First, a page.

One of the most difficult concepts to explain in agile is the concept of Batch Size. It's a principal tenet of Lean Product Development and is an ACTUAL principle in SAFe (# 6 to be precise). However, when we work with our clients to evaluate their practices and processes, we see product backlogs in the scrum boards of hundreds of items. In one case, a client used the concept of a Groomed Sprint to define what part of the Backlog had been groomed and prioritized by the Product Owner, Scrum Master, and Team.
What we have here, folks, is a failure to right-size Batch Size.
I've been thinking about this for a while. What is the best non-Agile example of Batch Size? It wasn't until I discussed it with my husband for the 4th time in two days that it clicked: laundry.
Laundry is something we all need to do, but don't enjoy. And work is that way too. Sometimes we have a great laundry day: it's not on the floor, it's not stinking up the bedroom(s), it's moving through without being the only thing we accomplish that day. It's a good laundry day. Sometimes, though, it's a horrible laundry day. It's been put off so long that it's almost overwhelming: it's everywhere and is likely the only thing that's accomplished that day. Picture this: it's laundry day at your house. Individual piles are consolidated into a Big Pile. The Big Pile is sorted into smaller piles according to color, fabric, and cleaning products. The smaller piles begin to make their way through the system one at a time.
I know what you're thinking: Amanda, we all know how laundry works. Bear with me.
A smaller load of laundry requires less time per batch to both wash and dry. If you've ever flown into a blind panic when realizing you need clothing for the next day and have washed a single set of clothes, you know what I'm talking about. It takes less time for the washer to fill, agitate, rinse, and spin than the extra large load. In addition, it takes much less time to dry a single set of clothes than a whole dryer full of jeans. However, this is wasteful. It wastes energy and water and time because you still have that Big Pile you have to deal with at some point. And you know you do and you will. At some point. Before your husband decides to drag three laundry baskets across the house. And they're full of jeans and work shirts. <sigh>
Thinking about the above scenario another way, instead of lumping everything together into the Big Pile, why don't we pre-sort? Doesn't that make a smaller batch size and make it easier to flow through the system? Yes, but also no. Pre-sorting does take some of the handling out of consolidating laundry into the Big Pile by making smaller batches. However, those small batches can add up to a Big Pile if not adequately moved through the system when they're ready.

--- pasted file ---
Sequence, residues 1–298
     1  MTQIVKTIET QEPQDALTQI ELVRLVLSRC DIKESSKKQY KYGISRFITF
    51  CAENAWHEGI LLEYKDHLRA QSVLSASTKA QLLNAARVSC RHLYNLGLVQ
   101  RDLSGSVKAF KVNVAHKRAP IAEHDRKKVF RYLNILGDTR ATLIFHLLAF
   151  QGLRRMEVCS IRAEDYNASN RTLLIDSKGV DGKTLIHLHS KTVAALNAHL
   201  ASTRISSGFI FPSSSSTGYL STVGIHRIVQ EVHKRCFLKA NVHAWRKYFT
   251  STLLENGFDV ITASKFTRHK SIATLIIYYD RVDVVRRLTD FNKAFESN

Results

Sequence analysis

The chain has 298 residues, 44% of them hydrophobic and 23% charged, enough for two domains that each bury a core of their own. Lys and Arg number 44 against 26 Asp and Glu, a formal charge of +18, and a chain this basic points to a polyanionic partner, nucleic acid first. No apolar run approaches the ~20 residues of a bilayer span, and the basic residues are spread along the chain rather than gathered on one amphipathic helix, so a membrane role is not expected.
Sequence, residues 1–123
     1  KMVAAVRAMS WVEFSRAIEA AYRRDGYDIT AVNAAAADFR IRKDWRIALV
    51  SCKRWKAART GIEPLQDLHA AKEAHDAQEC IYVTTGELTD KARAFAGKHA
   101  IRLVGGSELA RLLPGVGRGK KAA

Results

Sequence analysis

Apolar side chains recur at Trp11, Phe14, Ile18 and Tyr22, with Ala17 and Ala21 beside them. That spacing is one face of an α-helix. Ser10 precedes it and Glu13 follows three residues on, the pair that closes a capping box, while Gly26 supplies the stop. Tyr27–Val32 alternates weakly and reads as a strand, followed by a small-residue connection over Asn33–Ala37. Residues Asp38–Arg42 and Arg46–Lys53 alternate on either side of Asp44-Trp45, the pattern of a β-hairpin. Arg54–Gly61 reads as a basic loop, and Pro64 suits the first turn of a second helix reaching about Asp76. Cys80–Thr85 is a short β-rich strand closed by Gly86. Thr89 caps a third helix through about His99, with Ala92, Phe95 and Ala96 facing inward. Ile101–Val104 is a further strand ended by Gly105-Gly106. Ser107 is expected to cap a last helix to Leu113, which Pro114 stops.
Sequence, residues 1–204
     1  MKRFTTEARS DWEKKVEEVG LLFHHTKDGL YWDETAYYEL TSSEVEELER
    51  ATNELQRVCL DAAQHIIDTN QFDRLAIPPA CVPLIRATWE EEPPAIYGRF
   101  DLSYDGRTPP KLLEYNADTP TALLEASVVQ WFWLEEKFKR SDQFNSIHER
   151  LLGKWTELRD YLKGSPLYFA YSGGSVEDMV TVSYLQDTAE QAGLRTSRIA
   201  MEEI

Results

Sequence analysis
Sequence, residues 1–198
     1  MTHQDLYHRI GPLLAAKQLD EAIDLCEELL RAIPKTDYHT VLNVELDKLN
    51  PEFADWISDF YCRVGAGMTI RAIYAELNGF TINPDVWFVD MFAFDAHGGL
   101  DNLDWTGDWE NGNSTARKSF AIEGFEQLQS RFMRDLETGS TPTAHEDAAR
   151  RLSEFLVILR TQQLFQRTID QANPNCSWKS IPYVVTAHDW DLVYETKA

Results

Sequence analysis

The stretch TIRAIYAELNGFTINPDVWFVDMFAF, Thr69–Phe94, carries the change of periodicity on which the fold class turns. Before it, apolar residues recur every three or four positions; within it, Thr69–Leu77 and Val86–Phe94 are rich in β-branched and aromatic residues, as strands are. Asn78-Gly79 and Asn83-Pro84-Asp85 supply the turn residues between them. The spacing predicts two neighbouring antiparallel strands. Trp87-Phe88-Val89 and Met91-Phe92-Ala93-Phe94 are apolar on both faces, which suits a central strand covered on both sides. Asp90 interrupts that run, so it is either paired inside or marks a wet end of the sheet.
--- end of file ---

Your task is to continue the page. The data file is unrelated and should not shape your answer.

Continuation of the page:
What if, instead, we right-sized the batch? What if, based on the color, fabric, and cleaning products, we put the batch through the system when it was determined to be the right size? Not so big that the Big Pile must be broken into smaller batches to flow through the system, but not so small that we're wasting resources including, the most precious resource of all, time? It's time to right-size your laundry. Just as it's time to right-size your work.
Within any agile framework, this is the essence of throughput. When requirements come to the Team in a Big Pile, the Team must break the Big Pile into consumable smaller batches. These batches must also be prioritized: clothing needed in the next day, versus clothing needed next week, versus something you've worn once and likely won't wear again for a few weeks or until a special occasion. Just as we prioritize our laundry, so too must we prioritize the backlog. What is the immediate need? What can wait a few weeks? What is a nice-to-have? Note: in the extended metaphor, nice-to-have is dry cleaning. Not something you need, but sits on a hangar in your closet, is reassessed as an outfit every three months, and ultimately placed back in the closet in favor of the clean laundry. So too should those nice-to-haves be removed from the backlog to be addressed every once in a while to see if there's a current need. Either put them back in the closet or donate them. Deprioritize items in the backlog or remove them altogether.
How can you tell the batch is the right size to move through the system? Much like laundry, it's trial and error and feedback into the system. You didn't come into this world knowing how to do laundry. And there have been plenty of times that you've accidentally thrown a red sock into a load of whites or bleached something in your darks or even shoved too much into the washer only to have to run the dryer three times to get it adequately dried. So what did you do with this information? You learned from it. In fact, you retrospected on what you did and learned from it. I see what you did there, Amanda. So too will the Team learn from each batch of work that flows through the system. Within a retrospective, the Team should look at their batch size estimates and make adjustments for future work. This allows the Team to establish a predictable velocity with which to plan future work. Much like you've figured out how to do laundry efficiently over time (hopefully). Either way, it all comes out in the wash.